Louisiana Purchase 1803

Thomas Jefferson thought of himself as a man of the frontier and was keenly interested in expanding and exploring the West. Jefferson’s Louisiana Purchase of 1803 doubled the size of the nation at the cost of $15 million, or about $0.04 per acre, $256 million in 2019 dollars, less than 42 cents per acre. Federalists opposed the expansion, but Jeffersonians hailed the opportunity to create millions of new farms to expand the domain of land-owning yeomen; the ownership would strengthen the ideal republican society, based on agriculture, governed lightly, and promoting self-reliance and virtue, as well as form the political base for Jeffersonian Democracy.

France was paid for its sovereignty over the territory in terms of international law. Between 1803 and the 1870s, the federal government purchased the actual land from the Indian tribes then in possession of it. 20th-century accountants and courts have calculated the value of the payments made to the Indians, which included future payments of cash, food, horses, cattle, supplies, buildings, schooling, and medical care. In cash terms, the total paid to the tribes in the area of the Louisiana Purchase amounted to about $2.6 billion, or nearly $9 billion in 2016 dollars. Additional sums were paid to the Indians living east of the Mississippi for their lands, as well as payments to Indians living in parts of the west outside the Louisiana Purchase.

Even before the purchase, Jefferson was planning expeditions to explore and map the lands. He charged Lewis and Clark to “explore the Missouri River, and such principal stream of it, as, by its course and communication with the waters of the Pacific Ocean; whether the Columbia, Oregon, Colorado, or any other river may offer the most direct and practicable communication across the continent for commerce”. Jefferson also instructed the expedition to study the region’s native tribes including their morals, language, and culture, weather, soil, rivers, commercial trading, and animal and plant life.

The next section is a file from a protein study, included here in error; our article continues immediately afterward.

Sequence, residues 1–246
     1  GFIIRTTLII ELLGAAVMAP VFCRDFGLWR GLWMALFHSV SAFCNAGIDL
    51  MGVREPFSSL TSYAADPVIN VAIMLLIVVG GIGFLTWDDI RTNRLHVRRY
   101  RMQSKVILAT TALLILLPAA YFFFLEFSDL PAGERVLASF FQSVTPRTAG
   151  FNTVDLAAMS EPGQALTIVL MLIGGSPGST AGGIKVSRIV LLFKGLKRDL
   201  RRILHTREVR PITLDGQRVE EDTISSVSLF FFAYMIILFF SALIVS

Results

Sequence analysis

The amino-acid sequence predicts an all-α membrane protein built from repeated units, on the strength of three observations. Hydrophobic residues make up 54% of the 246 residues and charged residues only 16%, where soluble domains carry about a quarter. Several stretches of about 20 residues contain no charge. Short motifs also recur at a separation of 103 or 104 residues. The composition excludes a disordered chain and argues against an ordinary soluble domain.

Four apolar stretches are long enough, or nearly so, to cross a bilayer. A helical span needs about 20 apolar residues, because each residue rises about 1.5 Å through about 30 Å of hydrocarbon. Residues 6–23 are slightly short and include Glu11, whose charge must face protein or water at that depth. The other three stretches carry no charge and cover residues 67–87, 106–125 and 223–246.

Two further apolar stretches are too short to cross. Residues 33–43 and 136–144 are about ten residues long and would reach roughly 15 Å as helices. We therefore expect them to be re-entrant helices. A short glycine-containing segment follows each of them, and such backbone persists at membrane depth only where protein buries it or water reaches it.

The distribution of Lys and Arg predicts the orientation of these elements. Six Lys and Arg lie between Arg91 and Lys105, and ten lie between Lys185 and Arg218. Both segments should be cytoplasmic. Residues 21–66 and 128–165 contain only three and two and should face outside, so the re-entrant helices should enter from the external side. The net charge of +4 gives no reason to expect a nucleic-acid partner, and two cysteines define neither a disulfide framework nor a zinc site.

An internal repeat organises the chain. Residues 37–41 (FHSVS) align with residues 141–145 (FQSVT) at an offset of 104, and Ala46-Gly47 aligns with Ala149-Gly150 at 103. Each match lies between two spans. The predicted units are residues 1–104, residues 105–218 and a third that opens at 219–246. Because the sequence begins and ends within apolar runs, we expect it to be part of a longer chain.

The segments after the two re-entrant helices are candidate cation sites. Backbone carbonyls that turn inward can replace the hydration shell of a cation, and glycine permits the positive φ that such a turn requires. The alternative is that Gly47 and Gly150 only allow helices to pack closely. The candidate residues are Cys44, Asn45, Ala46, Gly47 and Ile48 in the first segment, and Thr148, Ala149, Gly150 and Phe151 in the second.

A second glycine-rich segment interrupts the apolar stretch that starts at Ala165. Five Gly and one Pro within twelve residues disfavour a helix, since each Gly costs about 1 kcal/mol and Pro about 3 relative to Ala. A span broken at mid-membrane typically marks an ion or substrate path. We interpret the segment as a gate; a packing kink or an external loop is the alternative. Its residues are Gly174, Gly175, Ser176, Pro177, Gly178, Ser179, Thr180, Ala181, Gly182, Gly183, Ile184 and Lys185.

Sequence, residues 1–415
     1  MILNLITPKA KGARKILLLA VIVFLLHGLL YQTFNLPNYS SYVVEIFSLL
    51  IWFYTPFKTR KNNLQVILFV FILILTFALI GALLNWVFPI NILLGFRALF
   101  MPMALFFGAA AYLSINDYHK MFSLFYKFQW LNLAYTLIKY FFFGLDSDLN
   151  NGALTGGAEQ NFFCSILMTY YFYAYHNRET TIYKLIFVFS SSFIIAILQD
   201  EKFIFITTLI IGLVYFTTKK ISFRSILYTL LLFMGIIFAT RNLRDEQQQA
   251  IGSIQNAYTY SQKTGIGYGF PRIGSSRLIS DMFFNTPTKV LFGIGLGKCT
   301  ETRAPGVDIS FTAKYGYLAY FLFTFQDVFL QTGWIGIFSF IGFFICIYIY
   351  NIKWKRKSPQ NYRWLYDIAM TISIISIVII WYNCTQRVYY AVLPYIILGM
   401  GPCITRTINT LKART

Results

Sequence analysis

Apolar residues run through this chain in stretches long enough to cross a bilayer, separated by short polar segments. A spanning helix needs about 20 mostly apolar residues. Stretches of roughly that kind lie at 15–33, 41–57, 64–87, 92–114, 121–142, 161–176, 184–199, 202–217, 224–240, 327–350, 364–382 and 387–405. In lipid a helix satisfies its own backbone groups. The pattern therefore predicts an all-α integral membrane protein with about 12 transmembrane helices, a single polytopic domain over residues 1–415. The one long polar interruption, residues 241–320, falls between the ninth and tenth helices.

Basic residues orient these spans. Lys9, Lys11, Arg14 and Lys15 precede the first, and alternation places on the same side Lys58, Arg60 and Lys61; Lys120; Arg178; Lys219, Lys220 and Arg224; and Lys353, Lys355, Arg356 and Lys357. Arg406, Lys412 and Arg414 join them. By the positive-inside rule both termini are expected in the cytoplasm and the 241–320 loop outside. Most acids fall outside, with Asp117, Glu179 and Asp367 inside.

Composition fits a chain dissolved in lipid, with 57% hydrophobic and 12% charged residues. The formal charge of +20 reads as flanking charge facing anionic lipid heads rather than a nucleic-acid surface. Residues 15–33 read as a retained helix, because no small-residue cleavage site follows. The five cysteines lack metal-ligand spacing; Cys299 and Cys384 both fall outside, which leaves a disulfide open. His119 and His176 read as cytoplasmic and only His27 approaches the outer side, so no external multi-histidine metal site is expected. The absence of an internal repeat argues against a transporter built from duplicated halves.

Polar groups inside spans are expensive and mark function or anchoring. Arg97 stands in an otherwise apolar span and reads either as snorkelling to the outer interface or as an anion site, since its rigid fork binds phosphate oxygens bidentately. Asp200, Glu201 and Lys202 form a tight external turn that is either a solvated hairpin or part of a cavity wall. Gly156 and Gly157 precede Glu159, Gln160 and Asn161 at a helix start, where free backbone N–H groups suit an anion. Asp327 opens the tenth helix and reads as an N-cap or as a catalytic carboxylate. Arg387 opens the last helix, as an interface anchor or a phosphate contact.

Entrepreneurs, most notably John Jacob Astor quickly seized the opportunity and expanded fur trading operations into the Pacific Northwest. Astor’s “Fort Astoria”, later Fort George, at the mouth of the Columbia River, became the first permanent white settlement in that area, although it was not profitable for Astor. He set up the American Fur Company in an attempt to break the hold that the Hudson’s Bay Company monopoly had over the region. By 1820, Astor had taken over independent traders to create a profitable monopoly; he left the business as a multi-millionaire in 1834.

Ben Davidson

Hello, I have been studying all aspects of history for about 25 years. I have a BA History from the University of Bedfordshire. My historical areas of interest are anything really, but I specialise in 19th - 20th century Britain, America and Ireland. I am also strongly aligned with most military history, really enjoying WW2 and the US Civil War. Chuck in the king or queen and Bob's your uncle.

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